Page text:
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About the Process

The story of Sodom and Gomorrah – “Slow reading”, “Slow creation”, “Slow seeing”

The tale of Sodom and Gomorrah, from a derived THEN, has been embedded in diverse Western culture and its monotheistic religions for thousands of years. It resonates in the social and cultural discourses in our Here and Now worlds. This Biblical tale, traditionally transmitted as an “open” story, is multidimensional with a great deal of impenetrable information. Lesser levels and qualities of understanding exist about its associated sin and taboo behaviors.

During the last three years the artist Yehuda Levy-Aldema has been studying, interpreting, and creating a series of artworks based upon the story of Sodom and Gomorrah.

Traditional Jewish interpretations of the Midrash, the Aggadah, medieval commentators, commentators, and Christian texts have often referred to this relatively brief Biblical story. As have a range of artists over time. Levy -Aldema’s creations add new bricks to these commentaries.

The text was divided into five passages: Sodom and Gomorrah, the angels, Lot, God, and Lot’s daughters. The story is presented through “skeletal,” unidimensional characters, devoid of feelings. The study leads to the deconstruction of the text, and each of the associated and derived themes, to its basic component — the WORD. Deconstruction makes it possible to create, ask and explore questions about subjects that we may, at times, or more generally, refrain from confronting, such us: God, righteousness and evil, sin / punishment; incest, justice and law.

The art-work’s creative processes evolved by connecting with the Slow Movement, which advocates slowing down the pace of life. In a world of uncertainty, whose rate of change is so rapid, there is need to slow down and articulate content and meanings within and to the basic components of our existence. The work done in the “Slow Creation” process relates to multidimensional vision during exploring and understanding ongoing uncertainties.

The learning made by a “Chavruta” and “The Visual Beit Midrash”, during this process is an integral part of the creative process.  Ongoing study is conducted weekly in Israel and around the world, in a multi-cultural and multi-religious discourse.

This process will lead to the creation of 77 art works that track linearly after the story of Sodom and Gomorrah.   There are currently 36 art works; the others   exist in the “slow” creation process. The largest group of 36 works relates to the events in the cave. In addition to the more traditional reading of occurring incest a possibility exists that this is a story about rape within the family.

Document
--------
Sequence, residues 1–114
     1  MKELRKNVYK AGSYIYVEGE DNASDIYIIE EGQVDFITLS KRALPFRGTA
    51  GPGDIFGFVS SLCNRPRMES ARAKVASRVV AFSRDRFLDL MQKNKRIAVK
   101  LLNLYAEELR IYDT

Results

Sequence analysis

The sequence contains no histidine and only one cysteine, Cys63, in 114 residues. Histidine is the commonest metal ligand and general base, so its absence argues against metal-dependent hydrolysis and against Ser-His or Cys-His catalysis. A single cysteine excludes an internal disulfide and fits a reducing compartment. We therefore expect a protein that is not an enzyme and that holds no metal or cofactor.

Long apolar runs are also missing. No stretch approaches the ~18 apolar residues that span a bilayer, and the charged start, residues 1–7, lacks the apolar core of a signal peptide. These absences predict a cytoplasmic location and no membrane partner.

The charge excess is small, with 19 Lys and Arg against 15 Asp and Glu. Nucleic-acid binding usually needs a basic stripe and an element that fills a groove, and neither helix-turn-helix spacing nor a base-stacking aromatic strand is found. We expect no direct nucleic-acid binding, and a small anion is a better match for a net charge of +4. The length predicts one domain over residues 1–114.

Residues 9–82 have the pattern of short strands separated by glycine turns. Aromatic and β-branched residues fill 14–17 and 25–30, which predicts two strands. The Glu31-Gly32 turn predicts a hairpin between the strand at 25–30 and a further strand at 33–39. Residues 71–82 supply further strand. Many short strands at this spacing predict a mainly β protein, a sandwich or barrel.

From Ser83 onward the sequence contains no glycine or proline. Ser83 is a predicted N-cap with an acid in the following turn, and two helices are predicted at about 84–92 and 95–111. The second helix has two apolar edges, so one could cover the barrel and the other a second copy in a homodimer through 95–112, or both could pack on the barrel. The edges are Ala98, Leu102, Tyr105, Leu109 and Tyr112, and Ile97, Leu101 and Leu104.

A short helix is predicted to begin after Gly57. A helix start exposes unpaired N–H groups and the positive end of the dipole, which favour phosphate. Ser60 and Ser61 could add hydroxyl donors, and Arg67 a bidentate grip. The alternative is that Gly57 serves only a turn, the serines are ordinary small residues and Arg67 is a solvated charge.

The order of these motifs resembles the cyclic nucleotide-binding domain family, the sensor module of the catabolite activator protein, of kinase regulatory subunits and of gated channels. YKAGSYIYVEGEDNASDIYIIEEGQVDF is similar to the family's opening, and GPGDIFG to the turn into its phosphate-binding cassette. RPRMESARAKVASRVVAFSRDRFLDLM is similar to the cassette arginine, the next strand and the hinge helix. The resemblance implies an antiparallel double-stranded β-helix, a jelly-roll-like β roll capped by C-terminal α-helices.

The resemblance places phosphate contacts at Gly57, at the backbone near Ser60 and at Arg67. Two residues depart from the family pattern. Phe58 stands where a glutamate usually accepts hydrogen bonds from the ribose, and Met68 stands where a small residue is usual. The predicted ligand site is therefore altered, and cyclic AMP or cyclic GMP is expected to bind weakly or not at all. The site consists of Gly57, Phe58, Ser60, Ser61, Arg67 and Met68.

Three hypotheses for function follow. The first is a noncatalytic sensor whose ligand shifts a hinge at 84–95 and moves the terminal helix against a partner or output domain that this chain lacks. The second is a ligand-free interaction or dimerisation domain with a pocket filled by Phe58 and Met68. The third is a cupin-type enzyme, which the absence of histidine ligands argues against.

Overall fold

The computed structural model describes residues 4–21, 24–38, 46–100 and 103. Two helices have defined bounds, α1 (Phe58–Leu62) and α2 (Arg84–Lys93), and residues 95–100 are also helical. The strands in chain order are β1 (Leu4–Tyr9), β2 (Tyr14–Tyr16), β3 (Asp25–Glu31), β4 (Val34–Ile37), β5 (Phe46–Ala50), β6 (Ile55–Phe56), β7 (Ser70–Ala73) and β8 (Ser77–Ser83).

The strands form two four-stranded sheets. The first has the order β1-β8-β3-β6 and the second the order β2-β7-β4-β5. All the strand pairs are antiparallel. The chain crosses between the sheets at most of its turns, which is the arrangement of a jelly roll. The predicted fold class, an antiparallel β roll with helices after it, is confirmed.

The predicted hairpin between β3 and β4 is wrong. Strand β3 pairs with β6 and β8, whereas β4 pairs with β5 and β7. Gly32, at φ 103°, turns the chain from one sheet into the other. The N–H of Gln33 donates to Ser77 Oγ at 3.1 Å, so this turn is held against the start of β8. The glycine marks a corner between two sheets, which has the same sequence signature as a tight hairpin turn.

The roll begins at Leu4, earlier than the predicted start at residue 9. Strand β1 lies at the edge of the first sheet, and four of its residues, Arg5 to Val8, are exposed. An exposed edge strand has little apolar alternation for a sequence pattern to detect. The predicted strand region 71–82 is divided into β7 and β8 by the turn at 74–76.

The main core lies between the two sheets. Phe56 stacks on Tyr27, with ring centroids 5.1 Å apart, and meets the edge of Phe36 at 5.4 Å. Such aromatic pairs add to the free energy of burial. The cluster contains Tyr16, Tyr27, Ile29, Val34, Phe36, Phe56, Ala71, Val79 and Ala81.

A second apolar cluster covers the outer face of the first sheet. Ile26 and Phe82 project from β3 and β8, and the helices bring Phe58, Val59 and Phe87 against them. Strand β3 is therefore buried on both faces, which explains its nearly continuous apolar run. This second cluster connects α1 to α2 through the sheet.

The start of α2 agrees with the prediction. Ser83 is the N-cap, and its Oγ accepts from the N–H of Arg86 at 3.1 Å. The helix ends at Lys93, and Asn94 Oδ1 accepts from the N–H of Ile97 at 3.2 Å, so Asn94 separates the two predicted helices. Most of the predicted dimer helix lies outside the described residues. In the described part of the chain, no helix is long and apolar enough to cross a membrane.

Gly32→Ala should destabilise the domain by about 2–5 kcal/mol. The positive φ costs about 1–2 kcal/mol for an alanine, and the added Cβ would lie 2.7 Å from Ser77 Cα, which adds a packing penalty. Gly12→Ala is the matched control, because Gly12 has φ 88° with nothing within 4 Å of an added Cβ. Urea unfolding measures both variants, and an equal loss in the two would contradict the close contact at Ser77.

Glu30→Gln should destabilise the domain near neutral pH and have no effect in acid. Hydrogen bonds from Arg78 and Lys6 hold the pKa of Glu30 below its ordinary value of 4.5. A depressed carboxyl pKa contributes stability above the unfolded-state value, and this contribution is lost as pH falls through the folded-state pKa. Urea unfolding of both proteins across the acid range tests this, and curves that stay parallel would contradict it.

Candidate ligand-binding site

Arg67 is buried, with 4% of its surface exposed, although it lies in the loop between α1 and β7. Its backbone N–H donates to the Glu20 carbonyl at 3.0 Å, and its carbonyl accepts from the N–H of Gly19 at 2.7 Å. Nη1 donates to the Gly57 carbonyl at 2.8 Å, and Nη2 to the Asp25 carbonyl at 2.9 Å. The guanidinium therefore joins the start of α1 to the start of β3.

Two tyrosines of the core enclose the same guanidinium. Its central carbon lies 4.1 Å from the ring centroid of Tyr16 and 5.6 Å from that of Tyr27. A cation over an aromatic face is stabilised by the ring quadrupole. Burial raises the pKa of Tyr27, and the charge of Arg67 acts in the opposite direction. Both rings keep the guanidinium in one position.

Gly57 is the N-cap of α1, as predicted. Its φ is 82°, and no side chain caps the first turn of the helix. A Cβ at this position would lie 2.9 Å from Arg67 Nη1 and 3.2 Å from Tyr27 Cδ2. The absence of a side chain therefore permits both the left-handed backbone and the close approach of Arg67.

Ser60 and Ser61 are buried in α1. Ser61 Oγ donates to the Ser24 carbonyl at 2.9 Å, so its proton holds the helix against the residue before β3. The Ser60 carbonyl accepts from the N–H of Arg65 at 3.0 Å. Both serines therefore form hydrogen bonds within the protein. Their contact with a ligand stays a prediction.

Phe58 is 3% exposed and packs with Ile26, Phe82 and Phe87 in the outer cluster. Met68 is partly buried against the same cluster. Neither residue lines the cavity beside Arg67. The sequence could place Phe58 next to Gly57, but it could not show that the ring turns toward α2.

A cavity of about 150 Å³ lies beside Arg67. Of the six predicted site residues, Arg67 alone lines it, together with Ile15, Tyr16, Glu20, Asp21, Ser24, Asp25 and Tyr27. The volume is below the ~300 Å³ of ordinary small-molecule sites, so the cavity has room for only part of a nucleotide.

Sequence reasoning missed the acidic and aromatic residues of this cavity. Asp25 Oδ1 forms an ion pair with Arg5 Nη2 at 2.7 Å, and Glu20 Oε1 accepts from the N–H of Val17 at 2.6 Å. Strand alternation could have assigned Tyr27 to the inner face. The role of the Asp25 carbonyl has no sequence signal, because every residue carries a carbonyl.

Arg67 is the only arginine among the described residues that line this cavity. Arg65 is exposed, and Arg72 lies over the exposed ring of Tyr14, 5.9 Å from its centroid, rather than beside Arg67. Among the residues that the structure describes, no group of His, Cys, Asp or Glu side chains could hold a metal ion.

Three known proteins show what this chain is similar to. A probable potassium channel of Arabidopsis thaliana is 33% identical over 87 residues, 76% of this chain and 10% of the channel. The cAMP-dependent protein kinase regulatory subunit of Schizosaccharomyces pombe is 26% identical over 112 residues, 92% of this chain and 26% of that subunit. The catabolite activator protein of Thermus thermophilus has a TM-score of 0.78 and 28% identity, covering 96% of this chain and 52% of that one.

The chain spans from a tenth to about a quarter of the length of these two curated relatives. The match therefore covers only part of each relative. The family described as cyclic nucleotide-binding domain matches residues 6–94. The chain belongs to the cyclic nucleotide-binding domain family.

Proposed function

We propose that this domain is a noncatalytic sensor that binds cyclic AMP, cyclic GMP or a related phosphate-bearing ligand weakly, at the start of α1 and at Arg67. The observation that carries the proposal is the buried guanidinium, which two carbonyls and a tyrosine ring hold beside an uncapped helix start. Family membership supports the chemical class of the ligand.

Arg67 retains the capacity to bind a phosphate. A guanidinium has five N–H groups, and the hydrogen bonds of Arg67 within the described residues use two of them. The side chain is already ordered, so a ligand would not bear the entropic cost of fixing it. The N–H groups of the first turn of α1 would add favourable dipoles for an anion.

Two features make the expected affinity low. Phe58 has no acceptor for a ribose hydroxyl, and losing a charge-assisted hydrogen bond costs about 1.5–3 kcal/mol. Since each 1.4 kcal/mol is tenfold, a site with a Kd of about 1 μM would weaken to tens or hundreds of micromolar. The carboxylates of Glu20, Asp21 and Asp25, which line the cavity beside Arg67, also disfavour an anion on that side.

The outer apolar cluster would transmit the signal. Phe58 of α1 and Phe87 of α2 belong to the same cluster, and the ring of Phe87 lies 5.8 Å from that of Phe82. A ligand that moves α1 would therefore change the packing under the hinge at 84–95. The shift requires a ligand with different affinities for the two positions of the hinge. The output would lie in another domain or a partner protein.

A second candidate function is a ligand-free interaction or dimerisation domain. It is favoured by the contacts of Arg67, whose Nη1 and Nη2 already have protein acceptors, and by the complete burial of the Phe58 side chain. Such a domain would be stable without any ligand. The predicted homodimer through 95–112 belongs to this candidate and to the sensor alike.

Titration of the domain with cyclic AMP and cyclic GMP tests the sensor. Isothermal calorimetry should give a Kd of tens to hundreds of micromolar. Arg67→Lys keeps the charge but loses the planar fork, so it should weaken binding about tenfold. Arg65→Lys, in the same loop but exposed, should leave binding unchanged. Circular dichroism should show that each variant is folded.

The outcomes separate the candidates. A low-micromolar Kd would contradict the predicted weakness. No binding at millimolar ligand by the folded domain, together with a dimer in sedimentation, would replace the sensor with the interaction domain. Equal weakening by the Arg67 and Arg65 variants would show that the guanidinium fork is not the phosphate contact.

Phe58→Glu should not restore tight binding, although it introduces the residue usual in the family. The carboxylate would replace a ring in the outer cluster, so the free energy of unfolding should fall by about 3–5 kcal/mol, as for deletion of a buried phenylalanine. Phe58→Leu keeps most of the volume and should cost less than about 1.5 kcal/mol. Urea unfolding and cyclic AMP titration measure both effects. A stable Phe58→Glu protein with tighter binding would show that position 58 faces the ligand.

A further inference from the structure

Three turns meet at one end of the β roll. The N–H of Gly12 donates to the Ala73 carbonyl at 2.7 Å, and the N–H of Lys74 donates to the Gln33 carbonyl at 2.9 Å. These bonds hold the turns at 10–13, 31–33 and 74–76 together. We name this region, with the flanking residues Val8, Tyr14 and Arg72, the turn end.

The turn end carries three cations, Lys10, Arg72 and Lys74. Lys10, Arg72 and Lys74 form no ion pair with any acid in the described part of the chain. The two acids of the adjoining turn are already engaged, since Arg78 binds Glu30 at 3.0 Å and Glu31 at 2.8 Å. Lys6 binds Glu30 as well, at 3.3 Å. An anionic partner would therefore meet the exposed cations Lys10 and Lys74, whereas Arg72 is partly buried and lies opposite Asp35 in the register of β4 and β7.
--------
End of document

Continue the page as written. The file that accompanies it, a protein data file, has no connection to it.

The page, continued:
The art works are sculptures. They combine a wide range of materials and techniques, using everyday found objects. The Neo-Baroque style empowers the visual commentary.  Understanding the works requires a constant dialogue between the name of the work, the text, the visual elements, their symbolic meanings-implications and the story.

Through Levy-Aldema’s works, three innovations can be discerned:

  1. Visual commentary” – the role of the Biblical story’s written commentary as a stimulus/motif for the creation of the art work. The visual interpretation builds the meanings of the story from the deconstruction of the text and the relevant word. This course will bring into the story content related to the traumas and feelings that arise from, and are associated with, “here and now.”
  2. “Visual Beit Midrash”– Participation in an event that combines study and art creation allows participants to connect with democratic dialogues about these all-too-often censored, topics.
  3. “Slow creation”– belonging to the “slow movement,” and “slow creation,” leads to   a renewal of developing in the emotional and creative spheres of life. This process can stimulate and create sustainable change in social consciousness, while providing tools for dealing with situations of uncertainty.

The synthesis of all of these aspects creates a breakthrough for a newly created visual language. It links the visitor, as participant, to a discourse about the meanings and implications of the text and its visual interpretations in worlds of uncertainty and unpredictabilities.

To Sodom and Gomorrah page

To Sodom and Gomorrah Artworks